As I commented, the simplest for of Euler-MacLaurin summation gives a monster (I refuse to type it - too long). Trying for $c=\frac 12$ and $n=10^4$ gives $\color{red}{3.2931}33$
Claude Leibovici's user avatar
4 votes

differential equations, substitution suggested by the equation

You got rightfully stuck on that integral because you can't integrate it, it can only be solved numericallly. There must have been a typo in the question. My guess is that the question should have ...
Omar Dennaoui's user avatar
3 votes

What goes wrong with Stokes theorem if a surface is not orientable?

Since this has gotten bumped: The problem (as noted in the comments) is not with Stokes' theorem, but defining a flux integral (or the integral of a differential $2$-form) on a non-orientable surface ...
Andrew D. Hwang's user avatar
0 votes

Example of an integrable function $f$ such that $|\int(1+x^2)f(x)\,dx|<|\int f(x)\,dx|$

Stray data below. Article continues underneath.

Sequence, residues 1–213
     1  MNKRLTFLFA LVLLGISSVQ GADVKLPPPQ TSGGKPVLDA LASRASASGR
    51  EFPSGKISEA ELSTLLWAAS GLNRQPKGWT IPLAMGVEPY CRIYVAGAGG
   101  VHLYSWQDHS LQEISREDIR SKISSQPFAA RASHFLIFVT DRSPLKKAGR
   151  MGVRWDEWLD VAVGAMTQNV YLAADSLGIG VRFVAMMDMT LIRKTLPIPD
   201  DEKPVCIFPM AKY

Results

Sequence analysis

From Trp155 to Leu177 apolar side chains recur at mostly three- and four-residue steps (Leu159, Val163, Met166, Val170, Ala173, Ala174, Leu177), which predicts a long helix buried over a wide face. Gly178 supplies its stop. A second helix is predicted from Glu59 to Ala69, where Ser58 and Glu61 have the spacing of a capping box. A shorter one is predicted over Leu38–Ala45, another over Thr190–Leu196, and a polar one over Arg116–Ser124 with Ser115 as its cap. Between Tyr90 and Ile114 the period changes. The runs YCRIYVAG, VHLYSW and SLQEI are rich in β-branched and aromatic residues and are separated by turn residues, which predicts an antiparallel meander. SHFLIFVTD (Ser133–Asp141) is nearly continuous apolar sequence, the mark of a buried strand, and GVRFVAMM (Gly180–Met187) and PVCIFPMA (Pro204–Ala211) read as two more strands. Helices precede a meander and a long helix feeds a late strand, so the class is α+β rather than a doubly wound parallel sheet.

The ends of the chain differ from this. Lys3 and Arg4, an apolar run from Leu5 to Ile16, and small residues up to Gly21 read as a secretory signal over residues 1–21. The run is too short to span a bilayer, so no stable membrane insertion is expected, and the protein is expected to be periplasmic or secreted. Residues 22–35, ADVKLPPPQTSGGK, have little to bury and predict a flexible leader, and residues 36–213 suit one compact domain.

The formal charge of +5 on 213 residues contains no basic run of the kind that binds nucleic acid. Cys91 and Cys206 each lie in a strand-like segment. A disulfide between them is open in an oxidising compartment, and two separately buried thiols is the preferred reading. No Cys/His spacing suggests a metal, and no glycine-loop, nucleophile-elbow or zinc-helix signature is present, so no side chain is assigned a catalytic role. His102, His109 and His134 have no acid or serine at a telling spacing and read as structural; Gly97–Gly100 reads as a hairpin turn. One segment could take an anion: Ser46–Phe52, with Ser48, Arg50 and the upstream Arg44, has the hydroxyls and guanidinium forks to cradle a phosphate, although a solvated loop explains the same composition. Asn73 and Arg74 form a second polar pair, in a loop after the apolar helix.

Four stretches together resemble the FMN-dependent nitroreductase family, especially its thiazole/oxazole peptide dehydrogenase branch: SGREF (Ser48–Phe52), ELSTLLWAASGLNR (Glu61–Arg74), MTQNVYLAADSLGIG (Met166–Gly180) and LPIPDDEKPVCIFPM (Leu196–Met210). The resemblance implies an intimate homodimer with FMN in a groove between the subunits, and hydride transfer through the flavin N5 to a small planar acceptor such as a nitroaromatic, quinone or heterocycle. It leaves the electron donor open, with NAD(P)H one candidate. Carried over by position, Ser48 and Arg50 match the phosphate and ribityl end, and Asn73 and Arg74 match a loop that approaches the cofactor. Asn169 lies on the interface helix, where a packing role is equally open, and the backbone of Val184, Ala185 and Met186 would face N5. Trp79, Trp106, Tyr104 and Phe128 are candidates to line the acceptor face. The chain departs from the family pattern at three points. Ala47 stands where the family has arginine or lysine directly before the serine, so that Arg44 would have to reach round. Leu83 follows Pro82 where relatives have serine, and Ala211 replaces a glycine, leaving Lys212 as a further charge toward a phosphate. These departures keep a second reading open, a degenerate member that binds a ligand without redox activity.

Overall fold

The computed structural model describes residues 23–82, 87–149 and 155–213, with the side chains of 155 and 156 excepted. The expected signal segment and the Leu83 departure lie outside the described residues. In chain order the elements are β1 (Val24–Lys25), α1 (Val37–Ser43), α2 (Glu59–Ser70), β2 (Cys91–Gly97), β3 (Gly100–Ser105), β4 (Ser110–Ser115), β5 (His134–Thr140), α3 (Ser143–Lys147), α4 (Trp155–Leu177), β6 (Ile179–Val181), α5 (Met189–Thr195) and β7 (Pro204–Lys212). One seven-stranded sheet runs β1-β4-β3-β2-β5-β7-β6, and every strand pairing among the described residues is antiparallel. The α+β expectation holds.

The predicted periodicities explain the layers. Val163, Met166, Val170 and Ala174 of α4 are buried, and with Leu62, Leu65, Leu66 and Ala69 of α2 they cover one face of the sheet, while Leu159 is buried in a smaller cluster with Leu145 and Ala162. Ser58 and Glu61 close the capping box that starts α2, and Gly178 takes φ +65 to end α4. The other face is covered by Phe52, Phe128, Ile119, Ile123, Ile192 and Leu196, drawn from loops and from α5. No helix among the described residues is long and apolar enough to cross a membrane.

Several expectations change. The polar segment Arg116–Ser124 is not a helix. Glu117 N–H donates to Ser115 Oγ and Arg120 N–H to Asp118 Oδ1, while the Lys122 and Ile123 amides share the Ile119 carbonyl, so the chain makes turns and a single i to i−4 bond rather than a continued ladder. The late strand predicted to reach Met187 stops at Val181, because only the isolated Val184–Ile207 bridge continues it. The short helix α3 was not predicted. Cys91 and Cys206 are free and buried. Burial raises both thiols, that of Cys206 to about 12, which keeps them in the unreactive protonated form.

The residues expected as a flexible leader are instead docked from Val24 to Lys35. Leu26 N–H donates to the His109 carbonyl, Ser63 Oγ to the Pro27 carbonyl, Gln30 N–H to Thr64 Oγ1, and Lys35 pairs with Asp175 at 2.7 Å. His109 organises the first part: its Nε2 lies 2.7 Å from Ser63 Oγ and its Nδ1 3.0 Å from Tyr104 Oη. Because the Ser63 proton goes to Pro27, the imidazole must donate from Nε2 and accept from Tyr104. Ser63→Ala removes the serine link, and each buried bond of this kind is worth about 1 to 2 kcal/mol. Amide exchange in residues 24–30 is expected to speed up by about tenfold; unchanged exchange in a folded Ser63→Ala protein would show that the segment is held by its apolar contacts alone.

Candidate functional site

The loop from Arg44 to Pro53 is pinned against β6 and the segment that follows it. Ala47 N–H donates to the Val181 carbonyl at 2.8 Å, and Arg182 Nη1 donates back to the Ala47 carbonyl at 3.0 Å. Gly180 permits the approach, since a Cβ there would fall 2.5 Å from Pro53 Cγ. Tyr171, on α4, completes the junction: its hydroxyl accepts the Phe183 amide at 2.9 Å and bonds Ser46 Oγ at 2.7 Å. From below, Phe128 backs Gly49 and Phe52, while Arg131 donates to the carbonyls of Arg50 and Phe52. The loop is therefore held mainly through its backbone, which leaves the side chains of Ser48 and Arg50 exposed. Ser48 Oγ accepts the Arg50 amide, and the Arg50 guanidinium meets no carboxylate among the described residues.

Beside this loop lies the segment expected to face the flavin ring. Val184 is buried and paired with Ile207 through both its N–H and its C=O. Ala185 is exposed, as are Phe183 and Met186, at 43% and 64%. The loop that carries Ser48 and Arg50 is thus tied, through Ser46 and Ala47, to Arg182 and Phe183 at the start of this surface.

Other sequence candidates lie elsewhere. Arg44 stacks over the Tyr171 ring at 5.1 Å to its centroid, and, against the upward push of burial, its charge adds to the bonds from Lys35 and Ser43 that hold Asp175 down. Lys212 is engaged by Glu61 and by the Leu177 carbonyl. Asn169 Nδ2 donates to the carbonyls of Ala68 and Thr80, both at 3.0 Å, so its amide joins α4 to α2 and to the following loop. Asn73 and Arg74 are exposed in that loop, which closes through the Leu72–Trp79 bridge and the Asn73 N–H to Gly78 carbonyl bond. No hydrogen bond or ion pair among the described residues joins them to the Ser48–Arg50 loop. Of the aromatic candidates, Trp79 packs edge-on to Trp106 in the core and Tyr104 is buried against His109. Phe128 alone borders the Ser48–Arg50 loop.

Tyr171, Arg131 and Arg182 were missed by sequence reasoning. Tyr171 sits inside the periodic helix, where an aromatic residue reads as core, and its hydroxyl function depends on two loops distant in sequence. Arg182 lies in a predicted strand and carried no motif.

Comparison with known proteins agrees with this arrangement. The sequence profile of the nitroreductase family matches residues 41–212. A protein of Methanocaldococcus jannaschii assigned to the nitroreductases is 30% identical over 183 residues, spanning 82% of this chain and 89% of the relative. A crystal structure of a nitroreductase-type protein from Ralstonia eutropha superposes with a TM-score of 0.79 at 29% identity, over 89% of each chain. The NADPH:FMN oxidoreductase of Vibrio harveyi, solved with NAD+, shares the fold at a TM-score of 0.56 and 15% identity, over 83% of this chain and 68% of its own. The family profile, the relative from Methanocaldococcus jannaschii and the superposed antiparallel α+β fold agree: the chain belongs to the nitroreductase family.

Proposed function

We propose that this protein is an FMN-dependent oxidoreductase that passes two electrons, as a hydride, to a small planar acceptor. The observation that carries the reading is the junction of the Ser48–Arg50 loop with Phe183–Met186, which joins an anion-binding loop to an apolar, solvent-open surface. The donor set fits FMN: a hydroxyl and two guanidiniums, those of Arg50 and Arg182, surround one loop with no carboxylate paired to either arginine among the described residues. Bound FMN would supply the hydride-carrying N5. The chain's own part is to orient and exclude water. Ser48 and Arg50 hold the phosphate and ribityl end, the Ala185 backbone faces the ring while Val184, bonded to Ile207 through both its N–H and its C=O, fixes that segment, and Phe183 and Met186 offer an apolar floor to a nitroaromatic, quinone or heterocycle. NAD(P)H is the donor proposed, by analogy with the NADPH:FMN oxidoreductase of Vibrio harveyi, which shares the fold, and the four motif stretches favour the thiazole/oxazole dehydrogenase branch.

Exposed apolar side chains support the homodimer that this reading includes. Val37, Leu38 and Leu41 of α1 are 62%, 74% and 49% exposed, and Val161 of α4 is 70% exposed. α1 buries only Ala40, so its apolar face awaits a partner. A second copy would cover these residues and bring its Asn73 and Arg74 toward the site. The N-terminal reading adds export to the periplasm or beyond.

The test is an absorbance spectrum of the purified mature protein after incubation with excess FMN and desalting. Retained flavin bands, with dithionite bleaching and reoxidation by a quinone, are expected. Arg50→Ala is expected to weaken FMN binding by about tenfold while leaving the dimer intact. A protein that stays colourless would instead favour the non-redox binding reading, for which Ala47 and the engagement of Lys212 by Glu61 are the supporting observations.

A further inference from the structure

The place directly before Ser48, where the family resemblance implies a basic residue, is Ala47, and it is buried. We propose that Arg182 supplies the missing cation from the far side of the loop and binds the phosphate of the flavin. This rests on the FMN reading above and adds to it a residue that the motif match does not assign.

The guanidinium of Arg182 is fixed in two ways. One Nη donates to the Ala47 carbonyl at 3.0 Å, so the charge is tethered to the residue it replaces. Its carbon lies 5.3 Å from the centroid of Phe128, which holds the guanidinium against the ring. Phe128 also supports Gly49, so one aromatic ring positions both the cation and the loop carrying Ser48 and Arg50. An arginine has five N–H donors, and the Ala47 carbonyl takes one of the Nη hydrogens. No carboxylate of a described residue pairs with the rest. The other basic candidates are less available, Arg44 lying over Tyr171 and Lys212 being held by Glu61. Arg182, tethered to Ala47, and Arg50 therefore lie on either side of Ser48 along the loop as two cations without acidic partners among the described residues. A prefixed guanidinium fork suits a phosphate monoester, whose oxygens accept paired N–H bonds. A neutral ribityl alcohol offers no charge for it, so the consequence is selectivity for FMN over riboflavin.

For $h_1(x)=1_{[0,1]}(x)$ and $h_2(x)={1\over 2}1_{(1,3]}(x)$ let $$f(x)=(1+x^2)^{-1}[h_1(x)-h_2(x)]$$ Then $$\int (1+x^2)f(x)\,dx = \int h_1(x)\,dx- \int h_2(x)\,dx =0$$ $$\int f(x)\,dx =\int h_1(...
Ryszard Szwarc's user avatar
5 votes

What is minimum of the integral function $I(x)= \int_0^\infty \frac{1}{(1+t^x)^x} \,dt$

$$I(x)= \int_0^\infty \frac{1}{(1+t^x)^x} \,dt=\frac{\Gamma \left(1+\frac{1}{x}\right) \Gamma \left(x-\frac{1}{x}\right)}{\Gamma(x)}$$ Take logarithms and differentiate $$\frac{I'(x)}{I(x)}=-\frac{x^2 ...
Claude Leibovici's user avatar
0 votes